Herbert Hoover (1874-1964) as a lifelong champion of true GOP ideals.
In a thorough, overly sympathetic biography, Jeansonne (Emeritus, History/Univ. of Wisconsin-Milwaukee) asserts that the Great Humanitarian got a bad rap serving as president during the outbreak of the Great Depression. The author of an earlier work on Hoover (The Life of Herbert Hoover, Fighting Quaker: 1928-1935, 2012), as well as other books on 20th-century history, Jeansonne finds that Hoover cultivated his “pure heart” as a small-town Iowa Quaker and orphan who grew up in the great outdoors, hence his love of nature and tendency to trust his own instincts. A well-regarded engineer after his Stanford education and married to a professional geologist, Hoover became hugely wealthy from Burma mining interests by age 40. With the onset of World War I, he dedicated his energies to helping feed the starving people of Belgium, among others, under President Woodrow Wilson, and later as commerce secretary under President Warren Harding and his successor, Calvin Coolidge. With his national following at the grass-roots level helping propel him into the White House in 1928, Hoover was a strong proponent of women’s suffrage, abided by Prohibition, and worked on disarming the country for a peaceful future. However, his first eight months of “whirlwind reform” were quickly overshadowed by such economic woes as farm relief—i.e., the vilified Smoot-Hawley Tariff, which the author concedes Hoover would have been “wiser” to have vetoed. Rather than anything Hoover did or could have done, argues Jeansonne, the stock market crash ultimately did him in. Indeed, Hoover created many measures Franklin Roosevelt would implement, such as large-scale public works. Despite Hoover’s “prophetic” words, he was largely blamed for the economic crash, and he spent much of the rest of his career excoriating the New Deal and advocating for keeping the U.S. out of World War II.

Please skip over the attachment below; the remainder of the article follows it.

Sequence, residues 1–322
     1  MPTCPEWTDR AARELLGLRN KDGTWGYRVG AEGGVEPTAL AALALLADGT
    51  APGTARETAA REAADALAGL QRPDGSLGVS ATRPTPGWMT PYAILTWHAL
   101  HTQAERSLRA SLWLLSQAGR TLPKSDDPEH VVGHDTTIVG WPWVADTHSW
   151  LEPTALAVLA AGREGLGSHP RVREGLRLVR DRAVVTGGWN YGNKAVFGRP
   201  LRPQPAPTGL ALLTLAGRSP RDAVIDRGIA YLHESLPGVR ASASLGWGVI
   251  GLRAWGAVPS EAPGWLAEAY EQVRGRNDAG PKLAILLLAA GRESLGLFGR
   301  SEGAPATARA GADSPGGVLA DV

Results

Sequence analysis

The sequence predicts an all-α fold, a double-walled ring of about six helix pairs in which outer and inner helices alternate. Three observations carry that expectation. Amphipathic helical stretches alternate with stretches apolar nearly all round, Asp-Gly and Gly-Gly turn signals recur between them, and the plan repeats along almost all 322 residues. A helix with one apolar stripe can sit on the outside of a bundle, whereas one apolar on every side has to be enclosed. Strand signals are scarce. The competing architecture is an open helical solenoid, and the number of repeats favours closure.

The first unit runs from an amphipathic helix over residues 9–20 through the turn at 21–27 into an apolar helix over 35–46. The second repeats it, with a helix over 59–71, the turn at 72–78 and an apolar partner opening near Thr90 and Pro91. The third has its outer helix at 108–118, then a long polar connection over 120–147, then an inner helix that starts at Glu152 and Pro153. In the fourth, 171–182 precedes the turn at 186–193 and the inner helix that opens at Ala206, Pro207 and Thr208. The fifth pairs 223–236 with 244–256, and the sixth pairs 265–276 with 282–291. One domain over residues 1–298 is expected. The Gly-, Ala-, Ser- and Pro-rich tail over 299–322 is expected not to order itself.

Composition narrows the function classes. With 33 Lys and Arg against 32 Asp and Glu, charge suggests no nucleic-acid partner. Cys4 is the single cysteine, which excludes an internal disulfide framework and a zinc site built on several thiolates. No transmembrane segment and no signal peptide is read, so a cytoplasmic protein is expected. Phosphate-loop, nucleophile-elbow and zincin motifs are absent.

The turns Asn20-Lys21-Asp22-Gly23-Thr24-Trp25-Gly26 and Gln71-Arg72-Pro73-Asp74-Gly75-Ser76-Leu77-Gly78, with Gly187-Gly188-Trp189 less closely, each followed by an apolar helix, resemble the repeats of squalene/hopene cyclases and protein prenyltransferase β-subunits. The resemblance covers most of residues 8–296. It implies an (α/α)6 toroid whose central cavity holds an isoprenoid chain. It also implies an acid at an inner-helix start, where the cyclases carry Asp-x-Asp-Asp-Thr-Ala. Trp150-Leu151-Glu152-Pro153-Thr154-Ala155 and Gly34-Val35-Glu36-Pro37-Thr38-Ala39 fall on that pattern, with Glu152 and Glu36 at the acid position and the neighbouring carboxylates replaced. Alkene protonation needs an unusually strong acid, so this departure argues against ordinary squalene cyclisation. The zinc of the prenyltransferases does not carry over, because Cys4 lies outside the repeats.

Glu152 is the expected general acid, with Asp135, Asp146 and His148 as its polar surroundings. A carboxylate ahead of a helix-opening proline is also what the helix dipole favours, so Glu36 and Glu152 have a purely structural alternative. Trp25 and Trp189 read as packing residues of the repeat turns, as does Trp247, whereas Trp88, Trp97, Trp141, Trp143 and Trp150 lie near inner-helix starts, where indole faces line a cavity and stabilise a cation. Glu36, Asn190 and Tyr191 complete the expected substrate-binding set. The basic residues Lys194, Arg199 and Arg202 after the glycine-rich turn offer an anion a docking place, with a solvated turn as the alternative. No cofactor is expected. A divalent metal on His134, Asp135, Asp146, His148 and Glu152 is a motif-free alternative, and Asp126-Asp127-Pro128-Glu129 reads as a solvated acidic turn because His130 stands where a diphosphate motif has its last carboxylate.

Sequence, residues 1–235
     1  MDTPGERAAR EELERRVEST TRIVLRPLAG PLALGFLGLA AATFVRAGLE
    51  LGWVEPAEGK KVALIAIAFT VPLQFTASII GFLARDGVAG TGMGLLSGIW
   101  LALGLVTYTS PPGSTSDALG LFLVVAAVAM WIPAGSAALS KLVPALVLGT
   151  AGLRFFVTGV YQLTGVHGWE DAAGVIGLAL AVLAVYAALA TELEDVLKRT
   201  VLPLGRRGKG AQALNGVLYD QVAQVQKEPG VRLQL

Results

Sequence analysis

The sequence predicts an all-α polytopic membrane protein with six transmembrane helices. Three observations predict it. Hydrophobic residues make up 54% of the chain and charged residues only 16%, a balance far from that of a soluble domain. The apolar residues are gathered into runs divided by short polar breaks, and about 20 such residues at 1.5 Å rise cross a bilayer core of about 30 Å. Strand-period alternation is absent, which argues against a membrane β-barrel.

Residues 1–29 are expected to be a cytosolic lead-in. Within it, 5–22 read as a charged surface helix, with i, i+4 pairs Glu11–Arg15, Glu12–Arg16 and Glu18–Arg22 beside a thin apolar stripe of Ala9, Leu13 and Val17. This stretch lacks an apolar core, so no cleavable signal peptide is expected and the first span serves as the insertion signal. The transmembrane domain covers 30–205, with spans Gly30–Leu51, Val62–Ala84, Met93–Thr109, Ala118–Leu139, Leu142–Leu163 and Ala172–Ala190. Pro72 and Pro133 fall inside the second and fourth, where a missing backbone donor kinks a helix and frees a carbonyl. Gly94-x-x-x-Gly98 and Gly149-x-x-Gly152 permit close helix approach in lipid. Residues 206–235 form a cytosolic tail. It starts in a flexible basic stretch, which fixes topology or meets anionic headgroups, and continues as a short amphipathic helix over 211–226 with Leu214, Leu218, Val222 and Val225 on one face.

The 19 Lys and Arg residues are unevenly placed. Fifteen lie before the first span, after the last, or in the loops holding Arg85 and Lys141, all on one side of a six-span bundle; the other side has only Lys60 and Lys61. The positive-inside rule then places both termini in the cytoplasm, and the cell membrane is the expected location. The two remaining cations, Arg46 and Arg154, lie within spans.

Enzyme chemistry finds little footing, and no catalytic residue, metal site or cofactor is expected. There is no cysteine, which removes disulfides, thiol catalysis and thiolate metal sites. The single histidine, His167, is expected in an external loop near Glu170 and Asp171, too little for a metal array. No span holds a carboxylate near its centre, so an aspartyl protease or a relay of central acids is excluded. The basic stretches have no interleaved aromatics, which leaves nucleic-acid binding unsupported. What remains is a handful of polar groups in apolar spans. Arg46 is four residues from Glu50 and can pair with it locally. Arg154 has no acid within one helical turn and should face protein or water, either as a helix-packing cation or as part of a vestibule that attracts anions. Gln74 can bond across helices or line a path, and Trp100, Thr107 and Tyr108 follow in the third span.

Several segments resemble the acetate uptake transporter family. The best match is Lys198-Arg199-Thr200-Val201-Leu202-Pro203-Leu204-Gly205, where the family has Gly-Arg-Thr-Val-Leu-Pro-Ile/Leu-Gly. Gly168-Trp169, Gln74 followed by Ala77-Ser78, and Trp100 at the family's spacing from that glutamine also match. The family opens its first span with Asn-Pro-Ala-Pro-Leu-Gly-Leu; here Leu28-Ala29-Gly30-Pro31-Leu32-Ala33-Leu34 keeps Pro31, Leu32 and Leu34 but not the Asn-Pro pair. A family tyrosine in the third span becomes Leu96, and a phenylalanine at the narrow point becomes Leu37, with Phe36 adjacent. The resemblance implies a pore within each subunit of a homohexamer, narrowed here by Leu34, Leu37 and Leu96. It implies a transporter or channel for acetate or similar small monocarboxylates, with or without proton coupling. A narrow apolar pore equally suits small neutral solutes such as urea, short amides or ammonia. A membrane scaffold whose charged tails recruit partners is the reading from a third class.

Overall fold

A hagiographic survey of an activist president agitating on the wrong side of history. A decent resource, but readers are encouraged to also consult Charles Rappleye’s Herbert Hoover in the White House (2016).